Our interdisciplinary sustainability minor exposes students to environmental issues, allowing them a critical understanding of theological, philosophical, scientific, political, communicative, literary, business, and economic dimensions of contemporary global sustainability challenges. The sustainability minor is ideal for students who may pursue careers in law, ministry, government, journalism, or business and for those interested in graduate school.
What Religion / Philosophy Division Grads Are Doing
Employed Full-Time or Part-Time
Admitted to Graduate School
Full-Time Volunteer or Other Activity
Seeking Employment or Grad School
Pepperdine Seaver College is consistently recognized among the top-ranked universities in California and the United States. We are a Christian university where students grow in knowledge and character. As a liberal arts institution, we focus on providing rich opportunities for intellectual and spiritual exploration for students with a diverse community.
Located in Malibu, CA
13:1 Student-to-Faculty Ratio
80% of Students Participate in an International Program
120,000 + Alumni Network
An Interdisciplinary Program
The worldwide human population is estimated to reach a predicted 8.2 billion by 2025, and 9.6 billion by 2050. This population expansion places high demands on both nonrenewable and renewable natural resources, thus creating concern over the sustainability of these resources for future generations.
The concept of sustainability, as described by the United Nations World Commission on the Environment and Development and the National Research Council, emphasizes the long-term use of ecosystem services required for future generations of humans and the environment.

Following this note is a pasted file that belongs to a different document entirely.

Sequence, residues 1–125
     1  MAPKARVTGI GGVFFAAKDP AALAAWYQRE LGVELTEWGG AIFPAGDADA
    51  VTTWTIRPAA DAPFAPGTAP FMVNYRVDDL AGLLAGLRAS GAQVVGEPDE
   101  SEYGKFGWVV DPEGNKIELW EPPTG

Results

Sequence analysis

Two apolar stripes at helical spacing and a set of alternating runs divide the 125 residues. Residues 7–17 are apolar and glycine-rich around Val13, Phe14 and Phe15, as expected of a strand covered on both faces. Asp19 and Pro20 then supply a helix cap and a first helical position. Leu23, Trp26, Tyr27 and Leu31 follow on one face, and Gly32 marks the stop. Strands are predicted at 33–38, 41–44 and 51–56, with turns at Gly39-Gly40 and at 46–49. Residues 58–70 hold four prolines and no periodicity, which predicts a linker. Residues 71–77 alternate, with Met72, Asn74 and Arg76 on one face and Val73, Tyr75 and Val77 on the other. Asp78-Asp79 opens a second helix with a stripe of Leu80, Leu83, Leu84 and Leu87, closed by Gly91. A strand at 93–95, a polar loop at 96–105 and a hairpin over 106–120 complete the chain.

Sustainability starts at the community level, and as such, any efforts at maintaining a balance between human needs and the depletion of natural resources must involve a consideration of basic ecological principles, socioeconomic needs, and a proper ethical foundation.
Pepperdine University's vision statement emphasizes the training of students for "purposeful lives as servant-minded leaders throughout the world." Sustaining the earth's natural resources is an issue that all future generations of world leaders will need to address, and educating those leaders requires cross-disciplinary exposure from several areas of the liberal arts curriculum including natural science, political science, literature, history, religion, business, economics, and communication.
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Sustainability and the Christian Context at Pepperdine
Pepperdine's sustainability minor practices the university's commitment to "truth, having nothing to fear from investigation, should be pursued relentlessly in every discipline." This minor seeks to instantiate the "purpose, service, and leadership" commitments of the Pepperdine mission, as we seek to develop the next generation of sustainability leaders who can examine problems from a service-minded, ethical perspective informed by the rich reservoir of knowledge within the Christian faith. For instance, the Christian affirmation of God as both Creator and Redeemer compels us to seek ecological health and integrity for nonhuman creatures as well as environmental justice for those Jesus calls "the least of these" (Matt 25:40).
This course correlates the Seaver College affirmation that "there are sources of truth deeper than those of secular culture: Moses, purveyor of divine laws; Amos, crying out for social justice and unfeigned piety; Paul, overwhelmed with both the reality of sin and the joy of forgiveness; and ultimately, Jesus of Nazareth, in whom God is uniquely revealed, and by whose death and resurrection all humankind can receive reconciliation with God."
The sustainability minor's interdisciplinary nature also fundamentally affirms the importance of a liberal arts education, as a foundation in the liberal arts and a creative avenue to show how they work together is needed to solve the world's sustainability-related problems. This commitment will further the University's goal of developing students who can apply knowledge ethically to real-world situations and impact the culture around them in the way that George Pepperdine envisioned decades ago.
Religion and Philosophy Division
24255 Pacific Coast Highway
Malibu, CA 90263
Office: APC 201
Daniel A. Rodriguez
Divisional Dean & Professor of Religion and Hispanic Studies